18. The earth has been warming and glaciers retreating for over 15,000 years. Almost everything in the part of Alaska I lived in was recently exposed by glaciers and been prospected the last couple hundred years. Glaciers are nature's bulldozers and they destroy and mix. The gold distribution in glacial material is generally random and sparse. Where water has had time to work glacial deposits new placers can form, but the short geologic time spans we are talking about usually mean small erratic deposits. The good news is that also means you can maybe find a gold nugget just about anywhere in glacial material. If you watch the video a second time and pay attention to the area that becomes Alaska you will see that Anchorage, on the southern coast, was buried under 3000 feet of ice not too long ago. The interesting part is northern Alaska is largely ice free. This is extremely important. The placers are much older and more extensive in Interior Alaska than in the southern coastal areas. The northern US was heavily glaciated and much of the material was pushed down from out of the north in Canada. I find glacial terrain interesting because glaciers have melt water running under them and along the edges, which form small oddball placers in the strangest places, and other placers are possible in the large outwash areas. I am discovering there was a lot more glacial activity in the Sierras than I would have imagined and so this is still very relevant for me prospecting in California. These links may not be for your exact area but all contain good information about glacial geology and prospecting. Great freebie article Gold in Kansas And a small related article at the ICMJ Undiscovered Placer Deposits in Alaska Really good stuff starting page 117 on Gold Placers of Colorado Placer Deposits of the Yukon Geology of Tertiary and Quaternary Gold-Bearing Placers in the Cariboo Region, BC Here is some really technical stuff for those so inclined Glacial Geology & Prospecting Glaciers of California A much more prospector friendly version can be had in an excellent but pricey book by Chuck Lassiter, Midwest Gold Prospecting at http://www.midwestprospector.com/book.html I have a copy in my library of the best of the best. It is a high quality book with color maps and illustrations and a no-brainer at about half the cost. For $29.95 you have to just love books as much as me as that is as much as the Chris Ralph encyclopedia and this book would be a chapter in Chris book. That said, I have never seen the particular subject of glacial region prospecting covered better and more understandably anywhere else. It would be the go to primer for anyone interested in the subject.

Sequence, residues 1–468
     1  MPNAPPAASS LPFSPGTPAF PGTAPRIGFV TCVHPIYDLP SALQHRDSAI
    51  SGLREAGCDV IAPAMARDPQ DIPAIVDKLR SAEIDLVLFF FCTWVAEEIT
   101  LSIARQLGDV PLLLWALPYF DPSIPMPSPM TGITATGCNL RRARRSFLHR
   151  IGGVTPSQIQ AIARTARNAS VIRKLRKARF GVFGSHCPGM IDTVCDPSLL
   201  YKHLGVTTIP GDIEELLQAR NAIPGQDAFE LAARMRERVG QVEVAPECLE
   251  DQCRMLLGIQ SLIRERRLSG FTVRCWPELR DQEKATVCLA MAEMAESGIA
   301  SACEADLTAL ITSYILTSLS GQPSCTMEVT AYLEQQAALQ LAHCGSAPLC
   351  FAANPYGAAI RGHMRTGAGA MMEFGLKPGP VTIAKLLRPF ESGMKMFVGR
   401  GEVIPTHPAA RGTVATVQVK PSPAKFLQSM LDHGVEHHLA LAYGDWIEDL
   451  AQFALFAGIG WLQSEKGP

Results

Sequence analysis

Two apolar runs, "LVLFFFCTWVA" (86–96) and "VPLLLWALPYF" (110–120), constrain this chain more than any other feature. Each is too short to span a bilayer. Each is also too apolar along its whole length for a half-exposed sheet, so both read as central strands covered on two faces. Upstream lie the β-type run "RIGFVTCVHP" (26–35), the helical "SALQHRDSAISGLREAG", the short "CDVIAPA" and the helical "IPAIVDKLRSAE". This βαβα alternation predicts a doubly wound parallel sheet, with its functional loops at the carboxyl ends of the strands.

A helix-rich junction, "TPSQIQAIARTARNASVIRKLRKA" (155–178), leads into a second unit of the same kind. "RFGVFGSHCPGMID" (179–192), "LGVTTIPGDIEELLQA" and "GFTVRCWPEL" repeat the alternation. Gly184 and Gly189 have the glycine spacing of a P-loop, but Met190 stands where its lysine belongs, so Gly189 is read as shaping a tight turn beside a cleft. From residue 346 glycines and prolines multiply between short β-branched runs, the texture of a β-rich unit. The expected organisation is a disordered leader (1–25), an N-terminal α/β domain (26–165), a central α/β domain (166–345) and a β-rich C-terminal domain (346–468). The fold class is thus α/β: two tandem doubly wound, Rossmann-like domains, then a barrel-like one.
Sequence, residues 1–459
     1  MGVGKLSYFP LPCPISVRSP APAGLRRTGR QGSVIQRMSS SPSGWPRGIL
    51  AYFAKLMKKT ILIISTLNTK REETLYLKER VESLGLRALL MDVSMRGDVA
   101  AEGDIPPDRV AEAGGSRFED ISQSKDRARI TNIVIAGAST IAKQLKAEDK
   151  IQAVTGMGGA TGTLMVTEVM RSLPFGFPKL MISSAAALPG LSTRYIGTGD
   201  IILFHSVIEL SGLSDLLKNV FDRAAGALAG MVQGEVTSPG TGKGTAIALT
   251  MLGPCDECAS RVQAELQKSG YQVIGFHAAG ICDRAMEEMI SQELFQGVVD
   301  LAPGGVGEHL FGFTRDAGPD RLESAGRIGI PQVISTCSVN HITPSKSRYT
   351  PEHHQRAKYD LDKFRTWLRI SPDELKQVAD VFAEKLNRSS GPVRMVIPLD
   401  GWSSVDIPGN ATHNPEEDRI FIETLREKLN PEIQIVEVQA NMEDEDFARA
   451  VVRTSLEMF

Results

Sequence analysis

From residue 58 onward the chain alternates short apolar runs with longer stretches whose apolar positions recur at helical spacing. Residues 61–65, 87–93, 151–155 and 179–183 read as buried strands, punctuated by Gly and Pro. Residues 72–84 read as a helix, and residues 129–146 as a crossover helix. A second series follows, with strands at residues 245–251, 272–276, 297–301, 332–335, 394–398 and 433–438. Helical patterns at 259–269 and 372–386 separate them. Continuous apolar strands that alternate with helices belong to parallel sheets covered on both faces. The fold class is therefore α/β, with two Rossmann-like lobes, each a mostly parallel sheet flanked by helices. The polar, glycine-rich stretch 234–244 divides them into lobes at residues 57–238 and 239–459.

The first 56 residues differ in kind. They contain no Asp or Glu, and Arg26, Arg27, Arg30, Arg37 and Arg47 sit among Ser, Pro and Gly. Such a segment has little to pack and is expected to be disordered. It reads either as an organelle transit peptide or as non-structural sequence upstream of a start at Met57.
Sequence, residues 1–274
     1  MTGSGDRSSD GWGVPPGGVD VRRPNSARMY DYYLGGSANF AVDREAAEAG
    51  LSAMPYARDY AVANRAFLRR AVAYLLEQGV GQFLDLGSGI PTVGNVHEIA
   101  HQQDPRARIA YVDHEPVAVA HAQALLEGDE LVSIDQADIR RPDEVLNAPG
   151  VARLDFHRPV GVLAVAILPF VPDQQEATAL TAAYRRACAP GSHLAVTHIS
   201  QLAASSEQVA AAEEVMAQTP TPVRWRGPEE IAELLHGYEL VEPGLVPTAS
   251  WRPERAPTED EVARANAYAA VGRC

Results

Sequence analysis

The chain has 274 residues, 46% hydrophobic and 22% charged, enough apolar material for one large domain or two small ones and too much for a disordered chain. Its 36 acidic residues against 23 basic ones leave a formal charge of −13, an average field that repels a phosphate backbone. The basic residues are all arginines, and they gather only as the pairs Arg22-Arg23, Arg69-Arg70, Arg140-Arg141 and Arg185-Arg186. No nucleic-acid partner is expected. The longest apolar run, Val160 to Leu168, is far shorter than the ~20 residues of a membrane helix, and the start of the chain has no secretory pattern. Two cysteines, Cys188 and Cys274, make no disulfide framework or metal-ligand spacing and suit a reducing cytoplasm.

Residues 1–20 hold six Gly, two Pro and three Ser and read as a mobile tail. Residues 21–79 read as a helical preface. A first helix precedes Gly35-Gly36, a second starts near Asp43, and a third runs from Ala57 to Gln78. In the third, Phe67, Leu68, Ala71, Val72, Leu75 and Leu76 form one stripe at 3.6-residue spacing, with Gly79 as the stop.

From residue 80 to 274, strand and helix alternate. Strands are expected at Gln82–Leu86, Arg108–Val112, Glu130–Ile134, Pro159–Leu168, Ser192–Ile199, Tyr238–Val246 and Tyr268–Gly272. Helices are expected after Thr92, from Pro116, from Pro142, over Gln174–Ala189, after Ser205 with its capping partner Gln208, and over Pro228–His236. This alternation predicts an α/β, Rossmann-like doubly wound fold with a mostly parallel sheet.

19. Interesting! Will be useful when we eventually have a colony there.
  20. So what caused it to break away? Here is more on that theory. https://www.sciencemag.org/news/2021/03/remains-impact-created-moon-may-lie-deep-within-earth